The above findings come as no surprise.  It is an honour to be given the job of keeping the home safe, clean, cared for, and welcoming.

Homemaking is more than housekeeping.  Homemaking takes into account the spiritual values: love, peace, tranquillity, harmony among family members, and the security of the family.

It makes the place of residence a spot to which family members can retire from a confused and troubled world, and find both understanding and rejuvenation.  Its character is quietness, good taste, culture and refinement.

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C.H Spurgeon said: “You are as much serving God in looking after your children, training them up in God’s fear, minding the house and making your household a church for God as you would be if you had been called to lead an army to battle for the Lord of Hosts”

Homemaking IS indeed a service and ministry to God.

St Martin de Porres, whose feast day it is today, is often depicted with a broom, which symbolised his humility and how he committed himself diligently to his daily menial tasks with love and patience.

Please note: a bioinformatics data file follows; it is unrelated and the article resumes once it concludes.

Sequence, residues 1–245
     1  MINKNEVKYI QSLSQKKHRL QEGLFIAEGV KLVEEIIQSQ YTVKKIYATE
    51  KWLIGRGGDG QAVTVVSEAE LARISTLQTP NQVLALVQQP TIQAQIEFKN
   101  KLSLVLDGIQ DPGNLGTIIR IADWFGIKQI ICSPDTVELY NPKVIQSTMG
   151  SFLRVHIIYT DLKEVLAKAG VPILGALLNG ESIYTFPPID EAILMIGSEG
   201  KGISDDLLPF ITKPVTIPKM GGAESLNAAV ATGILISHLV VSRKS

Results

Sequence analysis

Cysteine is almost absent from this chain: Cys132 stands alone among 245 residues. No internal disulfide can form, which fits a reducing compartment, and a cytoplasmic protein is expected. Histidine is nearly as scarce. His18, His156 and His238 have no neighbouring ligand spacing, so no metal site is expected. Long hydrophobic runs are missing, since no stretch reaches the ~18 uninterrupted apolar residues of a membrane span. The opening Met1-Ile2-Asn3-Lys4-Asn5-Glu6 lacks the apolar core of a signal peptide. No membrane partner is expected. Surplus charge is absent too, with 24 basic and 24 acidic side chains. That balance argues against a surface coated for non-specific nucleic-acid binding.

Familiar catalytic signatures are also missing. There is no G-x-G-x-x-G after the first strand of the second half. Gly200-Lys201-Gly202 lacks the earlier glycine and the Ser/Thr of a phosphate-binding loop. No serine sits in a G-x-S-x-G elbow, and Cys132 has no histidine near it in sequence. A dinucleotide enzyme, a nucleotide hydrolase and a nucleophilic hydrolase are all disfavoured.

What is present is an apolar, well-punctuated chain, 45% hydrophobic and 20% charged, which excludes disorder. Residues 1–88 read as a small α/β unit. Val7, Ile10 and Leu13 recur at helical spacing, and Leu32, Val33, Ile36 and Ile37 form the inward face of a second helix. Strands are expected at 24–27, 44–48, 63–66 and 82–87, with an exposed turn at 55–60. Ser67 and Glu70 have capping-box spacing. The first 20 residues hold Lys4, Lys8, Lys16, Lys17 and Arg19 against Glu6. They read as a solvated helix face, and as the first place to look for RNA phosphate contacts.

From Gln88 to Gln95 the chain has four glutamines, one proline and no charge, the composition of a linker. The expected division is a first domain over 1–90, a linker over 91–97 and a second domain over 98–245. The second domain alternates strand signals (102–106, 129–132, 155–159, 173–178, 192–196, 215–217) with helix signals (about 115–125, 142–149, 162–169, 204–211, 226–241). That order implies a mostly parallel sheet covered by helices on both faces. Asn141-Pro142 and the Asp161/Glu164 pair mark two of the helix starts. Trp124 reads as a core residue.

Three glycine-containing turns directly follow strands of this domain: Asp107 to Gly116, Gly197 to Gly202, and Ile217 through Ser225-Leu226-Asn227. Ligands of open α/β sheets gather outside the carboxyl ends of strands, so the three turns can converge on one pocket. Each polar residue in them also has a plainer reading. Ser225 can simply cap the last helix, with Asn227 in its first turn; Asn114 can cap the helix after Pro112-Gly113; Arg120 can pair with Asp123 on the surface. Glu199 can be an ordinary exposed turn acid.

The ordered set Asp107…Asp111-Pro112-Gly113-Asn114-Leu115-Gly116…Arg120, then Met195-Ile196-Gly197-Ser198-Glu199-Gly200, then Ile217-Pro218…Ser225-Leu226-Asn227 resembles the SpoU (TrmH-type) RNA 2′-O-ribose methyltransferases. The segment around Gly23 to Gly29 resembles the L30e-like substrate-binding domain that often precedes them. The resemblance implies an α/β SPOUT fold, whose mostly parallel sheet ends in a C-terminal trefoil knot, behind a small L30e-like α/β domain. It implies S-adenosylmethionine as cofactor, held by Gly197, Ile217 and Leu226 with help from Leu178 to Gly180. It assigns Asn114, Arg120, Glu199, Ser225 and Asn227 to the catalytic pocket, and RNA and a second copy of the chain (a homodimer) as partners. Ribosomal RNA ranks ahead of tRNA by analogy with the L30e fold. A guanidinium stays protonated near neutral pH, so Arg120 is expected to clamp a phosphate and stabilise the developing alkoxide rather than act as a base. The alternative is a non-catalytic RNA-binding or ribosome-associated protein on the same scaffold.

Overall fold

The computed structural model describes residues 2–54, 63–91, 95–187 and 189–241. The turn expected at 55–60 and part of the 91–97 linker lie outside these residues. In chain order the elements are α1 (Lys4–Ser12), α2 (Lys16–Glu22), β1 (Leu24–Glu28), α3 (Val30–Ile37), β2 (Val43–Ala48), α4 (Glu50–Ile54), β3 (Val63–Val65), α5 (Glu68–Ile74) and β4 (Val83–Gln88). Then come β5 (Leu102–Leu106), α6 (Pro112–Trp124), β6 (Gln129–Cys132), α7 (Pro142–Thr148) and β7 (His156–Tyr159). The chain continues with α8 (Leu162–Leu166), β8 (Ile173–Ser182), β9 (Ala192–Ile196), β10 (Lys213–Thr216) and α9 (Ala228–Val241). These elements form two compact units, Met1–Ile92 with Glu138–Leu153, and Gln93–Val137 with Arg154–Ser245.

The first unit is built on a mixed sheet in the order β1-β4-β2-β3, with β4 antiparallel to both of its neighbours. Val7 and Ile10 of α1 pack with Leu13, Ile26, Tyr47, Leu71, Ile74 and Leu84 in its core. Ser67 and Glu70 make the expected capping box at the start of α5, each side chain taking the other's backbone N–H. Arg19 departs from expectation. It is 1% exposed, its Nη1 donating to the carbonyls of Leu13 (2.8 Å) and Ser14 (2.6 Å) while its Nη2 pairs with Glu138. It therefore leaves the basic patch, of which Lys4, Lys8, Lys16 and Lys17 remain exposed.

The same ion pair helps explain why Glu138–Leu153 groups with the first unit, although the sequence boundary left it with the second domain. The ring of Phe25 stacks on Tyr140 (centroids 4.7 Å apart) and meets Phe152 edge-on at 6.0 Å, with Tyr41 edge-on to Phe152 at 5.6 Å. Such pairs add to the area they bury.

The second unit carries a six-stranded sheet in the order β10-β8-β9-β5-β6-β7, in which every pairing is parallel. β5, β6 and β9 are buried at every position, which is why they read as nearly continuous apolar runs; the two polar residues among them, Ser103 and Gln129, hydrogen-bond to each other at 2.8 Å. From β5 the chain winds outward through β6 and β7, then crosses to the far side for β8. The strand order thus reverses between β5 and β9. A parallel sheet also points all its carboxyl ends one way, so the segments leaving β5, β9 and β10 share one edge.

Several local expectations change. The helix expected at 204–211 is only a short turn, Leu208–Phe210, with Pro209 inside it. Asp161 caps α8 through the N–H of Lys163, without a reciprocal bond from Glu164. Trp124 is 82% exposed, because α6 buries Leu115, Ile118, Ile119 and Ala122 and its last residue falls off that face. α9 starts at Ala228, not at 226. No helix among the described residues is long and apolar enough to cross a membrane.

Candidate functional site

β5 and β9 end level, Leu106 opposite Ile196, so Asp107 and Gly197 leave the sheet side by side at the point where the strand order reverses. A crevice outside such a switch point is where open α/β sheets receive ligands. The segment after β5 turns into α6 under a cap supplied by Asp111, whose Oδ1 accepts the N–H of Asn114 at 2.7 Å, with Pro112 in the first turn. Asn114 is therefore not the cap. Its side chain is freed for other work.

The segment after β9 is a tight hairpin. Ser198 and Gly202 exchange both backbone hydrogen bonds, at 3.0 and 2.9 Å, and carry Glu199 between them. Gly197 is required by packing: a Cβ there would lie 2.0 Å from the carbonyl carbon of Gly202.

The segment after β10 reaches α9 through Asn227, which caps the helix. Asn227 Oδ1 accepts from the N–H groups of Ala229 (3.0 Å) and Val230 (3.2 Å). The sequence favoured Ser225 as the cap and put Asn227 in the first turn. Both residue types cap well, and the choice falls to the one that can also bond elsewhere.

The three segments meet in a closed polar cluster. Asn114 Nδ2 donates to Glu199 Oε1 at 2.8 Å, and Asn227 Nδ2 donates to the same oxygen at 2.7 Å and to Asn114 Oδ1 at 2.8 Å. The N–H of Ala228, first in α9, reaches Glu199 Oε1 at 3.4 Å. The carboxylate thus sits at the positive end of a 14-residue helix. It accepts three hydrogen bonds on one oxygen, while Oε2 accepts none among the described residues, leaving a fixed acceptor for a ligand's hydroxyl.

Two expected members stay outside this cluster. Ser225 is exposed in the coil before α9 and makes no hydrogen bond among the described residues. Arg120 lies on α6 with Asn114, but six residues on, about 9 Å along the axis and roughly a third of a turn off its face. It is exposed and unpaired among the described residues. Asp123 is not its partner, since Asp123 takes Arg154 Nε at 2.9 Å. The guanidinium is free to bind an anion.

Every act, every duty and every task that you perform within the home as a homemaker should be offered up to God and He would sanctify it, and bless both you and your family immensely.

St Martin de Porres once said: “EVERYTHING, even sweeping, scrapping vegetables, weeding a garden and waiting on the sick could be a prayer if it were offered to God.”

He is certainly right.  St Martin de Porres, ora pro nobis!

ad Jesum per Mariam

🌹📿🌹

ALSO, SEE:

The Homemakers’ Mentor    Courtship and Marriage and The Gentle Art of Homemaking

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St Martin de Porres                                               View pretty and practical aprons